In March 2006, the Stephen Lewis Foundation launched the Grandmothers to Grandmothers (Gogos) campaign to raise awareness and money for grandmothers in Africa raising their orphaned grandchildren. Sixty-four-year-old Janine Reid became involved after her own mother heard a speaker from the group.
“I have heard Stephen Lewis speak before and found him to be a riveting speaker,” says Janine. “I thought there must be something I could do to help, but I put it from my mind until my mother heard someone from the grandmothers’ campaign speak. She mentioned it to me, and told me she thought I would enjoy getting involved.”
Janine has always been committed to making a difference in the world, so volunteering for this worthy cause was an easy decision for her to make.
Born in New Westminster and raised in Burnaby, Janine joined with 2,500 other young people in the autumn of 1965 to become the first students to attend classes at the new Simon Fraser University. She earned her teaching certificate and took the Professional Development Program before taking a position in the Lower Mainland, along with her husband Cam, who was also a teacher and graduated from the same program.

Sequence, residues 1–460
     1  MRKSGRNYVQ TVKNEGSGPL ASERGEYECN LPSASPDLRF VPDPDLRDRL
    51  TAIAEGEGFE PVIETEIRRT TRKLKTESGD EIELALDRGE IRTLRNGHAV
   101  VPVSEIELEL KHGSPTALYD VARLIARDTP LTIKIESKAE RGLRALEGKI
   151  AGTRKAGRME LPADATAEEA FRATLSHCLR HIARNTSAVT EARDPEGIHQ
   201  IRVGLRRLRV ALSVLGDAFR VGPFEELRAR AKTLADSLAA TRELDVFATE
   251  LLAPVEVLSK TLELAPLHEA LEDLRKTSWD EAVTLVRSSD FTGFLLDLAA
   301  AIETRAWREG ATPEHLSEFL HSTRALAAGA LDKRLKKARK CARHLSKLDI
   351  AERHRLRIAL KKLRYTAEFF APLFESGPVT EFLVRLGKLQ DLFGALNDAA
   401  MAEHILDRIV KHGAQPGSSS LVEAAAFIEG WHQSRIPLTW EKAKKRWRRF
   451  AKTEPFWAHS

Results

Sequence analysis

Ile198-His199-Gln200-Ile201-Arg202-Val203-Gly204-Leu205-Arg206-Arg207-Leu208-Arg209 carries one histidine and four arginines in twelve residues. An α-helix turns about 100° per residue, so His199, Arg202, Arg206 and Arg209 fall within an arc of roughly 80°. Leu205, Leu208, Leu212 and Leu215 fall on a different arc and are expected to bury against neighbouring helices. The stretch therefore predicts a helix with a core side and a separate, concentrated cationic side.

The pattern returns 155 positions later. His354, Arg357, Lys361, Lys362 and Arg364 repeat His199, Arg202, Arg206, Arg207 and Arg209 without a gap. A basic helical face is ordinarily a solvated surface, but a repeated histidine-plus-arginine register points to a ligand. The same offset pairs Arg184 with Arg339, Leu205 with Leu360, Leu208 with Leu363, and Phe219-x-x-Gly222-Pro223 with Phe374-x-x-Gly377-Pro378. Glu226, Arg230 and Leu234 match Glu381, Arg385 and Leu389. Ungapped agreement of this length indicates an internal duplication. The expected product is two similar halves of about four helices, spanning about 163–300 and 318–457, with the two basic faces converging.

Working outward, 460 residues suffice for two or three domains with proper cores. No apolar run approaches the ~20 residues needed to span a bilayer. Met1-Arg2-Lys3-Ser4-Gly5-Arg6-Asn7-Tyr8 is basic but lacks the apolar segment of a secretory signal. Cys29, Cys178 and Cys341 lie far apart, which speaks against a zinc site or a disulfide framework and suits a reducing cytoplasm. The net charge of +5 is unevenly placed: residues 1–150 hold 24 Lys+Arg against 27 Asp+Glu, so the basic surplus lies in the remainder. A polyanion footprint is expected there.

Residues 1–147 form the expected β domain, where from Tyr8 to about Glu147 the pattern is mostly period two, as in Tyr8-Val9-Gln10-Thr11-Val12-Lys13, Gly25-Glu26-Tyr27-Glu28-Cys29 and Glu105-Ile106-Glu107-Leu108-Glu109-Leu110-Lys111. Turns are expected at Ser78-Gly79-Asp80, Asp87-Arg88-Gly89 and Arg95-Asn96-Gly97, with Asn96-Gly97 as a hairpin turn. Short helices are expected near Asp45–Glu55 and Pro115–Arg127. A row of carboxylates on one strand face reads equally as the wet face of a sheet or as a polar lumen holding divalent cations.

“My husband and I were young and full of idealism, and we applied to every school district in the province that had a two-room school,” recalls Janine. “We got hired to teach at a small community outside of Vanderhoof, each of us teaching half of the students in grades one to six. We stayed there for two years.”
For the next two years, Janine and Cam worked for CUSO as teachers in a rural community in Jamaica. When they returned to Vancouver, they brought home more than the experience. They returned with an adopted 14-year-old Jamaican boy named Lennox, whom they raised and educated in Canada.
Janine finished her degree, taught in Vancouver and then the couple moved to Port Moody to raise their family. In addition to their adopted son, they welcomed a daughter and a son three years apart.
At 57, Janine retired from teaching, though she continued working as a consultant for the next several years.
“Towards the end of my teaching career, I co-authored two resource books for teachers,” she says. “So, following retirement, I had six years of being self-employed as a consultant working for various school districts. When I heard about the grandmothers’ campaign, it was my background in teaching and my high regard for children that drew me to it.”